Flashback Friday Archive 2021-22: Flashback Friday: Week of June 24

2022-06-24 TWIR Image-Boys

June 22, 1872 – 150 YEARS AGO
Rockland County Journal

      We are told that several of the parties who found temporary lodgment in our lock-up were strongly suspected of being New York thieves.
      Wanted—a good supply of the “seven-years itch” for some of our young men serenaders who make night hideous with their calfish songs.
      A band of traveling musicians made the “day hideous,” on Wednesday, by discoursing some of the most horrid music we have ever been bored with. Gilmore ought to have them.
      We don’t see what pleasure there is in telling every person you meet that “it’s a hot day.”  If you wish to comfort him, ask him in to take a glass of soda or a plate of ice-cream.
      We shall not mention the young rascals’ names who were passing ball in Broadway on Sunday, but if the offence is repeated, we will see that they are arrested for breaking the Sabbath.

June 21, 1932 90 YEARS AGO
Rockland County Evening Journal

[Image: Photograph by Bartcraft Studio, clipped from the Rockland County Evening Journal.]
       The ubiquitous small boy was right on hand in Nyack when the excavator broke the ground for the Nyack postoffice. In the bucket hoisted in the air are, [left to right], Arthur Wood Techer, of Tuxedo, who follows every construction job within a radius of many miles; Edward Lapp, Warren A. Palmatier and John Gleason, all of Nyack, who anticipate many more hours of pleasure watching the job.

       In an effort to pay off all or part of the Airmont Lutheran Church debt, the Council of the church is sponsoring a minstrel show to be staged tomorrow night in the Suffern High School auditorium.
       The performance is put on by a Paterson, N.J., Methodist Church troupe, and the cast numbers some 45 actors, several of whom are women.  In addition to the black-face comedy of the minstrel show, two comedy sketches will be staged, and a full three hours’ entertainment is promised.
       Tickets will be on sale at the door, or may be obtained through any officers of the church or its auxiliary departments.

June 23, 1972 50 YEARS AGO
The Journal News

       Rockland made careful preparations for a date with Agnes Thursday night and got “stood up” ... to nobody’s displeasure.
       Unexpectedly light stormwinds spared residents who expected a more blustery, rainier visitor.
       More than 20 volunteers at the county Civil Defense headquarters in New City labored through most of Wednesday night and Thursday distributing “hundreds” of sandbags that had been requested. They also manned telephones to give emergency information to residents.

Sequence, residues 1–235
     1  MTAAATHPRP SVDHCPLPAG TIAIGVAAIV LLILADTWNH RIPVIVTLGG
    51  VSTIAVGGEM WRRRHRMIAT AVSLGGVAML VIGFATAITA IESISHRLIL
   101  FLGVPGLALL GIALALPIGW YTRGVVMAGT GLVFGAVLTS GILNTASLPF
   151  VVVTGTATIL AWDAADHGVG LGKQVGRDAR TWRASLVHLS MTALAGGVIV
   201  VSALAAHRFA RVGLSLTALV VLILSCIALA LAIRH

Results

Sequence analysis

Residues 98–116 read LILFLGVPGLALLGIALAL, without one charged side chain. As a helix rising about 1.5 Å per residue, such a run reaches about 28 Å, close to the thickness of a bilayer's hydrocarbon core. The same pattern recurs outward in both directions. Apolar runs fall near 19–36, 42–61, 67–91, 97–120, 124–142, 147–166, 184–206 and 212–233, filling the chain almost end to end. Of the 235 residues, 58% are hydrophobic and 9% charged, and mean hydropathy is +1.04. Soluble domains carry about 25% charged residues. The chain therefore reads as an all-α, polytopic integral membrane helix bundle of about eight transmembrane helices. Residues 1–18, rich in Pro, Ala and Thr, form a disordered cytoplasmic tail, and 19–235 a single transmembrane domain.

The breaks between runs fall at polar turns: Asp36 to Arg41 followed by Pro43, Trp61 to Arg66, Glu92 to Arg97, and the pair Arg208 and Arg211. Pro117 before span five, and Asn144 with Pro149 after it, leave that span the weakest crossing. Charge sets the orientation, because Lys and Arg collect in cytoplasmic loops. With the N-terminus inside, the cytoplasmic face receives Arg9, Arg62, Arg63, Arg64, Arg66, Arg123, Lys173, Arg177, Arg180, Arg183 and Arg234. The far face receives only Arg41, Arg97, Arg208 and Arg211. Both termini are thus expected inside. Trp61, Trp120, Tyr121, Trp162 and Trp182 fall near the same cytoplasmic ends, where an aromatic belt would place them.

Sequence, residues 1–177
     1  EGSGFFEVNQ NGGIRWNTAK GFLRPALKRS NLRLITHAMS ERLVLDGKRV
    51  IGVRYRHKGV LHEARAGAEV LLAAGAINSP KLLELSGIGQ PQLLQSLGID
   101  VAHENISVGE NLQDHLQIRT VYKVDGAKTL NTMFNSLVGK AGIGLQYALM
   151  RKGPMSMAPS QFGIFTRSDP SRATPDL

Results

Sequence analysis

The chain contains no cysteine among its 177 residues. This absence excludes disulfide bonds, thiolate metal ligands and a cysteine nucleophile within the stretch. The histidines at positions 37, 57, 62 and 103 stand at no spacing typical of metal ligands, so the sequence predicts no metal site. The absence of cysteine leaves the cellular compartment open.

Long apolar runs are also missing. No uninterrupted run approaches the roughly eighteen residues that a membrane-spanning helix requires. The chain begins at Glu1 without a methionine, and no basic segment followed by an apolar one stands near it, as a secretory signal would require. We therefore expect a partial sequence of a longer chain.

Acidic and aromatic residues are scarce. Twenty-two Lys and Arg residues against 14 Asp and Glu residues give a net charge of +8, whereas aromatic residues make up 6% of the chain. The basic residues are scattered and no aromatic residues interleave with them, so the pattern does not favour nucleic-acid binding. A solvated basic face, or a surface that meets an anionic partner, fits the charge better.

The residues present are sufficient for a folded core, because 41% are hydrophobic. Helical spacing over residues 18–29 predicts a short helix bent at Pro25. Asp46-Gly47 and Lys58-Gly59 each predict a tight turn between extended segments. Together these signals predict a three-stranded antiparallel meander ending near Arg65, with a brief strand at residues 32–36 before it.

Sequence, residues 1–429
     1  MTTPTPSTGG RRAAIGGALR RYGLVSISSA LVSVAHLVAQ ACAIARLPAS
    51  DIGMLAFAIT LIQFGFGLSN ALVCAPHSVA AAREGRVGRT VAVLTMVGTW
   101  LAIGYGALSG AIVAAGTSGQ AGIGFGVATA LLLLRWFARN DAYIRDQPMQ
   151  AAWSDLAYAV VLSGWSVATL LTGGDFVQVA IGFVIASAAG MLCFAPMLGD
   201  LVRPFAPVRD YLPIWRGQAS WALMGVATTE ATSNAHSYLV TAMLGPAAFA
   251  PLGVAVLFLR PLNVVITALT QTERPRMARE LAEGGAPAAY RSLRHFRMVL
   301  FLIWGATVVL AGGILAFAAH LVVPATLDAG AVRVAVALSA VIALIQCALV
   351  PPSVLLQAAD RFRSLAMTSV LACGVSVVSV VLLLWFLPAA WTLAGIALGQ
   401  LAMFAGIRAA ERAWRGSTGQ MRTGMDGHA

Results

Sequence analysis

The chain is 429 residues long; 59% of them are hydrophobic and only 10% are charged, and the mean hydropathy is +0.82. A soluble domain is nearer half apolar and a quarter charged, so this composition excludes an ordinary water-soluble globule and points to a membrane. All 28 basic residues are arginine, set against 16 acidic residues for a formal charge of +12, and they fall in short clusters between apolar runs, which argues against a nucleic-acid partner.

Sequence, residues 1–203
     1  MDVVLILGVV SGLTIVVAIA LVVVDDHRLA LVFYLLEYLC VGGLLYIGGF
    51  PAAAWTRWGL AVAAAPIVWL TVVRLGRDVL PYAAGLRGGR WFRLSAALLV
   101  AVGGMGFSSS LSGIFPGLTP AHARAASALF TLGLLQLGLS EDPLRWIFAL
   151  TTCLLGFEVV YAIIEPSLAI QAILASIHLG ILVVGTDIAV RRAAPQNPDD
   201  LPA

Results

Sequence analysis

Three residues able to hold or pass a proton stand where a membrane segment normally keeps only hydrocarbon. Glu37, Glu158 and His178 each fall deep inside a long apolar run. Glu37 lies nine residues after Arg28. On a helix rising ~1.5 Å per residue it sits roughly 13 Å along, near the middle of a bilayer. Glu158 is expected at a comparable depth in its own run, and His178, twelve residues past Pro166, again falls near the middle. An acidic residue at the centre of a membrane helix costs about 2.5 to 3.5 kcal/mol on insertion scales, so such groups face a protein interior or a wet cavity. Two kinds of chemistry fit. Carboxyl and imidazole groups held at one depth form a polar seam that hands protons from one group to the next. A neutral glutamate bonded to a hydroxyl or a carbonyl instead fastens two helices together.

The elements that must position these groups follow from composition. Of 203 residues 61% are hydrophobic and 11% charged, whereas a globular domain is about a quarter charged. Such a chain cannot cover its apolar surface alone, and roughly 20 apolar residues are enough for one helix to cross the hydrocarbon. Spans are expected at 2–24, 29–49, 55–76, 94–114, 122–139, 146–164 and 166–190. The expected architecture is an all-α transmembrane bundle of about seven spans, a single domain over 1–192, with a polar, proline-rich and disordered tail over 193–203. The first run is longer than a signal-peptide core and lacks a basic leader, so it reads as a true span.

Following ominous reports from Washington D.C. that excessive flooding occurred there after a 12-hour rain, a “full alert” went into effect here.
        “These boys did one hell of a job," said Rudolph Hazucha, operation training director of the Civil Defense. Donald Brenner, chairman of the county drainage agency, said, “We were much more prepared for this storm than we were Monday.”
       A severe storm that day caused severe flooding in Rockland and neighboring counties. Major roads were closed while homes in West Nyack and Sparkill had to be evacuated. Westchester experienced mammoth flooding.
       Concern mounted here when heavy rain and wind gusts of over 40 miles per hour were forecast for Thursday night. The expected three-to-four-foot rise in tide also was menacing. But the worst didn’t happen.
       Flooding was reported mostly in Grassy Point where sandbags protected two threatened homes.
       With the exception of Piermont where winds knocked down wires at 7:30 p.m., there was little damage.
        “If we have no rain tonight, we’ll be all right,” said Brenner, who later noted that the rains were surprisingly tame.
       Instead of thunderbursts and rain until 2 a.m., the rains peaked about 10 p.m. and went to bed early.
       Residents near Lake Welch in Harriman State Park had feared for the safety of dam walls containing the lake. But the dams were “perfectly sound,” according to Nash Castro, head of the Palisades Interstate Park Commission.
       Herschel Greenbaum, chairman of the County Legislature, reported this morning that loans at 5.12 per cent interest are available to residents and small businesses to repair damage from flooding. Noting this is the second time in ten months Rockland qualified as a Class B disaster area. Greenbaum said the funds would be available “in the next few days,” at the regional offices of the federal Small Business Administration (SBA). Requests for aid should be addressed to SBA, 26 Federal Plaza, New York City, 10007. 

This Week in Rockland (#FBF Flashback Friday) is prepared by Clare Sheridan on behalf of the Historical Society of Rockland County. To learn about the HSRC’s mission, upcoming events or programs, visit or call (845) 634-9629.


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